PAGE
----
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"We are in a period where organizations are downsizing because they've outsourced their labor needs to someplace cheaper. The downside to that is, we run the risk of liquidating too much talent," said Dan Wiljanen, a human resources consultant and a faculty member at
"The educated employees and those with valuable experience will go where the work is. If things turn around in
Most business assets only depreciate over time, explained Wiljanen, but "human assets are one of the few that can appreciate in value. There are ways to increase the potential value of your human assets," said Wiljanen.
Wiljanen spent 25 years in human resources at Steelcase Inc., where he was vice president of human resources and then dean of
Wiljanen maintains that one of the pri
Here are some other strategies recommended by Wiljanen for increasing the value of human assets, not all of them feasible for all employers, he said, but all worthy of consideration:
Challenge employees: "Give them challenges in their work that make the day more interesting. Find out what interests a given employee has, and try to find a challenge that involves that interest. Maybe you have a young employee who is interested in learning Chinese, and maybe you have a need for an additional employee in your department that deals directly with your Chinese supplier. That could be a perfect match, for the employee and your company."
Rotate job assignments: "Getting your people to take on a different job will broaden their experience and their perspective of the company as a whole."
Mentoring: "This can be as simple as casually suggesting to an employee that someone else in your company — a peer or a supervisor in some other department — might have some valuable tips or experience to share and would be happy to talk to that employee."
Coaching: "If someone has a hidden talent or has had some unusual experience in something, is there a way they can share that knowledge with others in the company? Maybe you have someone who worked in broadcasting, or had something published, or was a pilot in the armed forces. That person may have some insight or experience that some other employee can learn from. It could end up helping the person being coached, and do wonders for the coach's self-esteem."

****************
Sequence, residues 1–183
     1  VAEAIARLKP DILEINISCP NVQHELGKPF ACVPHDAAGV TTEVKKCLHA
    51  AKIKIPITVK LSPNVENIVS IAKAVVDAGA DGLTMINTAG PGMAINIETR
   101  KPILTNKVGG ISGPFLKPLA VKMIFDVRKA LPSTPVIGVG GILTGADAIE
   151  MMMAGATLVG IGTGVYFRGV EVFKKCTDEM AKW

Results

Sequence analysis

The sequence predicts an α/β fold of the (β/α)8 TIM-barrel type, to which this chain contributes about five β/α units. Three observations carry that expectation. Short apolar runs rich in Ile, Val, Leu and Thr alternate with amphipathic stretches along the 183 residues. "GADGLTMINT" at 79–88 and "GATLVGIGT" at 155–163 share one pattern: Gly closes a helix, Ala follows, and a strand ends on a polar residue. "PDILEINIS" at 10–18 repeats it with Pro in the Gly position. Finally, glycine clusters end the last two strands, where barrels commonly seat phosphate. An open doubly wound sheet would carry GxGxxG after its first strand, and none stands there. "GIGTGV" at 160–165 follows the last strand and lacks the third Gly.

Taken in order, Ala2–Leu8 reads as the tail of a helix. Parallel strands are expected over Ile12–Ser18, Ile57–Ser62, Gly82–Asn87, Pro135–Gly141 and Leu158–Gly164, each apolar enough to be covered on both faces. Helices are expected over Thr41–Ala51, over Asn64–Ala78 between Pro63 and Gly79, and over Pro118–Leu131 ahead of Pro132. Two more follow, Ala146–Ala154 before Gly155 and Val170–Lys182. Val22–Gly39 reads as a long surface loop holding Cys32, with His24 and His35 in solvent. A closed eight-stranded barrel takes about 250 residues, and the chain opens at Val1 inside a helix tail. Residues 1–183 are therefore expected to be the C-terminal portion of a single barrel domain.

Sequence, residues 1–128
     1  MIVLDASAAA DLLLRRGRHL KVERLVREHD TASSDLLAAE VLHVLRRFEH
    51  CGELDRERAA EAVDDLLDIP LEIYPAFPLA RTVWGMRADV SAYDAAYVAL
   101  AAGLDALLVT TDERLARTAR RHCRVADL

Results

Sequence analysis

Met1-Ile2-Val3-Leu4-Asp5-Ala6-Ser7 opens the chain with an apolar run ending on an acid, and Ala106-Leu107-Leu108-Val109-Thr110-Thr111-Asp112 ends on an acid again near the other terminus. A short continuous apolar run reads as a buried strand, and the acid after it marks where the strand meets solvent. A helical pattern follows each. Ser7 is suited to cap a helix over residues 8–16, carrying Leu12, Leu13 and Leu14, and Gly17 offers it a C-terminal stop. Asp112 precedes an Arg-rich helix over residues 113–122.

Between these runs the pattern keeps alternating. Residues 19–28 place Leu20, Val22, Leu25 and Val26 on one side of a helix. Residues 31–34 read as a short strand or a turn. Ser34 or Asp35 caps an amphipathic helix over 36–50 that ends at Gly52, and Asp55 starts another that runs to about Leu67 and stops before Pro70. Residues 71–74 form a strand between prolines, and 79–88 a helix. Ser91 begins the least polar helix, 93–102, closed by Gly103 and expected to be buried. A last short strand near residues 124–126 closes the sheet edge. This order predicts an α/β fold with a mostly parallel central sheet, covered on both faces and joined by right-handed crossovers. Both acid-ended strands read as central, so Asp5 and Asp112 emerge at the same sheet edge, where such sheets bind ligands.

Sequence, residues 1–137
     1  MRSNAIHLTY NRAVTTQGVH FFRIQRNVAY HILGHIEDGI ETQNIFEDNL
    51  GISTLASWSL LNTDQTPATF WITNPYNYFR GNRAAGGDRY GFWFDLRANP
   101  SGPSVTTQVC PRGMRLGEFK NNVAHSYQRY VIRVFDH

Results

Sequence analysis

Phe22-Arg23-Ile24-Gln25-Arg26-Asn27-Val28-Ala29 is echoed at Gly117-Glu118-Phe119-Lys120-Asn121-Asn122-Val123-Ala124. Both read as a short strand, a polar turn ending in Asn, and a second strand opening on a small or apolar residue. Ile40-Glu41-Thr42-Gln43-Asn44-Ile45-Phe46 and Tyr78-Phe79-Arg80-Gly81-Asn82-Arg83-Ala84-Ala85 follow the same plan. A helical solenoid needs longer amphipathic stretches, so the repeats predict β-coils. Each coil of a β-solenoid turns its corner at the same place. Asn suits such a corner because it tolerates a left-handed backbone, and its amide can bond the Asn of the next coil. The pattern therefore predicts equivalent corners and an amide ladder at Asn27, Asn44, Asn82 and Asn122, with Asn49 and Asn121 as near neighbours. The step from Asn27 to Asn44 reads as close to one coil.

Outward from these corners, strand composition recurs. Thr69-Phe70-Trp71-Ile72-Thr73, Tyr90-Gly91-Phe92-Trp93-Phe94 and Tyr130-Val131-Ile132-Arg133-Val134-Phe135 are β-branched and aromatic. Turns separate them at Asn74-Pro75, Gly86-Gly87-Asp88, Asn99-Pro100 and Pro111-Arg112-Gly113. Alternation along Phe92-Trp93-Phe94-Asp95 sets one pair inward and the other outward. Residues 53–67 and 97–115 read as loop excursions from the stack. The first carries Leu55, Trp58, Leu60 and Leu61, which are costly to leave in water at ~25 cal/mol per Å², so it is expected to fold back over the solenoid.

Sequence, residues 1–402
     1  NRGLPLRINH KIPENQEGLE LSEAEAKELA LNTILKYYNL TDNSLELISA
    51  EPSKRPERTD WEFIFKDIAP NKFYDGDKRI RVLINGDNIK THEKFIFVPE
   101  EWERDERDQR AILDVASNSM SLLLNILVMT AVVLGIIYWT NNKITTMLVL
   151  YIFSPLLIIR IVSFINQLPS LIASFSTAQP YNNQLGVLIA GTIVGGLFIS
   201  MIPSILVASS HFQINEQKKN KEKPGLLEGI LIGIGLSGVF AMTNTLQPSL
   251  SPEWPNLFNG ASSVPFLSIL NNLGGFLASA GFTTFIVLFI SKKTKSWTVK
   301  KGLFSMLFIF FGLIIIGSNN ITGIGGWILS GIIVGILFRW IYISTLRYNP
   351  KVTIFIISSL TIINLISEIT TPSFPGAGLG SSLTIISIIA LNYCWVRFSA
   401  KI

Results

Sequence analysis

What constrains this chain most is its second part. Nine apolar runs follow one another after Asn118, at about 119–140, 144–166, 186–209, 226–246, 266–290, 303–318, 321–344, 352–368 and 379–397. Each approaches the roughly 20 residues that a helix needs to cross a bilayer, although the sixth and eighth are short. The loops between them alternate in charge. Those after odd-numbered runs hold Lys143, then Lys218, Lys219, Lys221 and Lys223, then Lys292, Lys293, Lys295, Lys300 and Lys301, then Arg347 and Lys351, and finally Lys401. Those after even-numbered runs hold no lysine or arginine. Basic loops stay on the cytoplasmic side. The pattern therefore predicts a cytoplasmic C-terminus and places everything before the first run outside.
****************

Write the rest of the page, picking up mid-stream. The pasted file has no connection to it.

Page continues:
Taskforce assignments: "Putting someone on a taskforce charged with solving a specific business problem is always good experience for their personal development, and will help in any potential future role in management."
Project assignments: "Project teams usually have a broader scope and a definite end date. There is more stress in projects, but anyone who wants to be effective in management has to be able to effectively manage stress — their own and others."
Group read-and-share: "I don't mean a break room discussion aboutHarry Potter and the Deathly Hallows." Every person in the business or institutional world must be a reader if they are to advance intellectually and stay on top of new trends in their business. There is almost always something new and useful to be found and read, on every topic. I'd challenge employees regularly to find something that pertains to their work, read it and talk about it with their peers. And don't let them limit themselves to whatever they find in Google or Wikipedia. The Internet is a great way to find out what's out there, but sometimes you just have to go to the library to actually get a copy of it. The wisest and best-educated people I know are always going to the library."
Community service projects: "These can be great for team experience and for the individual's sense of accomplishment and self-worth. They are also excellent public relations opportunities for your company in your community. In some cases the community service can be an individual project, such as tutoring or serving as a mentor in local schools. Schools and other nonprofit organizations are always looking for corporations that have employees willing to spend an hour each week as a tutor or mentor. The cost to your company? Nothing. But the potential payback can be significant."
Continuous improvement: "Continuous improvement strategies have been around for a long time, such as lean manufacturing, just-in-time production, and kaizen, a Japanese word for 'improvement.' The Japanese don't have much to waste, and they know elimination of waste means better business and more profits. I don't think we have to argue about the strength of the Japanese auto industry today, do we? Being part of a continuous improvement team offers a challenge to each team member and is an opportunity to really help improve the bottom line, for everybody. You can always find employees in almost any organization who have seldom or never been exposed to the brainstorming and camaraderie that are part of the continuous improvement process."
Overseas assignment: "Management tends to send the same individuals on overseas assignments every time. If you are able to send someone new, try it. It might pay dividends for the company as well as greatly increase the value of that employee. It might make your company more competitive in the global economy."